As the remarkable series of record-breaking temperatures, storms, and wildfires around the world this summer highlights, the consequences of climate change are here. It is no longer (only) a future threat. Adaptation to these consequences is a policy imperative for governments around the world. This is not to say that mitigation does not remain important, but responding to climate change no longer means only taking actions to mitigate future warming.
However, while the policy priorities to achieve mitigation are clear – engage in actions that reduce greenhouse gas emissions – the policy priorities for adaptation are less clear. How can governments most effectively take action to help their citizens adapt to the consequences of climate change?
Answering that question was the goal of a recent workshop at Stanford University. The workshop featured great work examining a range of adaptation options, from migration to insurance. But I was struck by the potential power of one, seemingly mundane, adaptation option: improving weather forecasts.
It is well-known that climate change will increase the frequency and intensity of damaging weather events. Whether these are acute storms like cyclones or blizzards or more diffuse weather events like heat waves or heavy precipitation events, climate change will make them more frequent in much of the world - including places that may not have historically experienced them - and often more severe. There is now a deep literature in economics that shows the negative consequences of these extreme weather events for a variety of economic outcomes. Indeed, in many cases extreme weather is the mechanism that links the diffuse presence of more carbon in the atmosphere to specific economic outcomes.
A more recent, and growing, body of literature in economics highlights that it is not only the extreme nature of extreme weather events but their unexpectedness that drives many of the worst negative outcomes. Historically, the importance of the surprising nature of these events has been hard to separately identify: an extreme event is, by definition, rare and so is often unexpected in addition to being large in magnitude. But Shrader, Bakkensen, and Lemoine take advantage of data on forecasts to show that, at least in the context of extreme heat, it is the unexpected events that drive much of the mortality effects that we detect.
Why does this happen? Presumably because when warned about extreme events ahead of time individuals can engage in a variety of behavioral (or other) adjustments that reduce either their exposure or vulnerability to the extreme event. Shrader’s paper examining the impact of forecasts of ENSO events (El Ni˜no/Southern Oscillation) indicates that, when provided with forecasts about the ENSO cycle in advance, fishers adjust allocations of effort in ways that reduce the negative impacts of the ENSO cycle.
In recent years residents of high-income countries have grown accustomed to relatively accurate short-term forecasts of extreme weather events. By some measures, weather forecasts are more than 5 times as accurate as they were 40 years ago. Given this substantial improvement in accuracy, are there still gains to be had? That question was addressed indirectly by Anand’s study at the Stanford workshop. The answer is a resounding yes. Having longer lead times on forecasts of severe winter weather reduces traffic accidents by 0.5% per hour of lead time. Existing lead times result in savings of nearly $150 million in 11 U.S. states. That savings, in roughly a fifth of the country, represents 3% of the annual budget of the entire meteorological arm of the U.S. Federal government.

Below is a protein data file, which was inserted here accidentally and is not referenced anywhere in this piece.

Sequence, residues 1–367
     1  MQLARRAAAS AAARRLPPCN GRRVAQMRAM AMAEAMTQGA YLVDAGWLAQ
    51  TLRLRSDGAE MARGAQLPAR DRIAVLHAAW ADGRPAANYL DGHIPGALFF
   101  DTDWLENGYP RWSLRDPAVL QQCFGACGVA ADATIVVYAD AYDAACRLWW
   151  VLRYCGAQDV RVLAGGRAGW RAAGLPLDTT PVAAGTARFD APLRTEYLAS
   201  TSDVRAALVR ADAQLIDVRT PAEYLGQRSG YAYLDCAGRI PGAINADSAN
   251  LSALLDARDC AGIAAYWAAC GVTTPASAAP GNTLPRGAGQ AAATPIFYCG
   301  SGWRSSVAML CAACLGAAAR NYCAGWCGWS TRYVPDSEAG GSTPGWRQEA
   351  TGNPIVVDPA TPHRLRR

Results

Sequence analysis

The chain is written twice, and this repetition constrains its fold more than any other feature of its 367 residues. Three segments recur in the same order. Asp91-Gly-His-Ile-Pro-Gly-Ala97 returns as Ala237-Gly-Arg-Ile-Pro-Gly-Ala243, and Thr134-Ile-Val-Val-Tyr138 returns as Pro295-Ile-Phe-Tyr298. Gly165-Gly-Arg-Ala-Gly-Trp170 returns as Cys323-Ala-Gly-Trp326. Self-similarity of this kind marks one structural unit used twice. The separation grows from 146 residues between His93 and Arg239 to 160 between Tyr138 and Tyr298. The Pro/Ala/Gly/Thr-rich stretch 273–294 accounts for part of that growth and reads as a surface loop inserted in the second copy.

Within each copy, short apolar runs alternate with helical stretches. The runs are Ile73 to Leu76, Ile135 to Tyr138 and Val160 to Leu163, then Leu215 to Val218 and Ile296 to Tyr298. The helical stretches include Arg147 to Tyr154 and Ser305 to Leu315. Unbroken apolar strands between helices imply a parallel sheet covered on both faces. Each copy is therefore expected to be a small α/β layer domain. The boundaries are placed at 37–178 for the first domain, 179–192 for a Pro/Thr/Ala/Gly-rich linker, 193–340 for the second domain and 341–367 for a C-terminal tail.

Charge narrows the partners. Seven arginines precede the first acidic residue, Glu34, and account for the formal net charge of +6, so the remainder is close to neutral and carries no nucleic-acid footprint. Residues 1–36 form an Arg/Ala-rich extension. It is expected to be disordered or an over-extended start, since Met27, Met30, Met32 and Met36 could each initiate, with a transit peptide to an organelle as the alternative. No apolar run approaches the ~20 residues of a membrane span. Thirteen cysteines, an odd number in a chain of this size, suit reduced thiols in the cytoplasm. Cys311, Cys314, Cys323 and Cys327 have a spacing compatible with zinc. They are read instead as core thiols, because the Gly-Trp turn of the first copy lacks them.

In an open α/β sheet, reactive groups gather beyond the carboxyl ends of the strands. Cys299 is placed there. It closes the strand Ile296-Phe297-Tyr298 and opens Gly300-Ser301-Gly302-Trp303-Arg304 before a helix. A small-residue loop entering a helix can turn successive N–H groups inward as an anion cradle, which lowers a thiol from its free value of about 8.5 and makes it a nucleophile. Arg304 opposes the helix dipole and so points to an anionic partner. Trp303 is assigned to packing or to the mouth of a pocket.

And it is not just winter storms. Molina and Rudik find that additional improvements in forecasting of hurricanes in the U.S., which have already improved by 3x in the last four decades, are estimated to be an order of magnitude larger than the current budget of the hurricane forecast system. Improvements in forecasting since 2009 alone have reduced damages by 5%.
These estimated benefits of improvements in weather forecasting largely come from the United States, at least in part because the U.S. already has some of the most accurate weather forecasts in the world. That there remain large benefits for marginal improvements of forecasting in this setting suggest that the benefits in the majority of the world that does not have highly accurate forecasts may be even larger. Estimating benefits in a context outside of the United States is the goal of on-going work that was also presented at the Stanford workshop. Using data on mobile money providers in Ghana the authors show market participants suffer severe reductions in business as a consequence of extreme weather. However, those impacts are reduced by 50% if the extreme weather is anticipated. I hope that we see more of this kind of work in the future.
Enabling adaptation to climate change will obviously require more than simply improving weather forecasting. One obvious reason why these improvements alone will be insufficient is that they do not address the problem of getting information into the hands of those who need it. One discussant at this year’s AAEA observed that researchers in Washington, DC may know more about the weather forecast facing farmers in Kenya than those farmers. Improvements in forecasting alone is clearly not sufficient, interventions improving access to more accurate forecasts are also necessary.
But there is growing evidence that investing in improvements in weather forecasting is a highly cost-effective means of reducing damages from extreme weather. The tight relationship between climate change and extreme weather implies that these investments are thus also likely to be an important form of climate adaptation.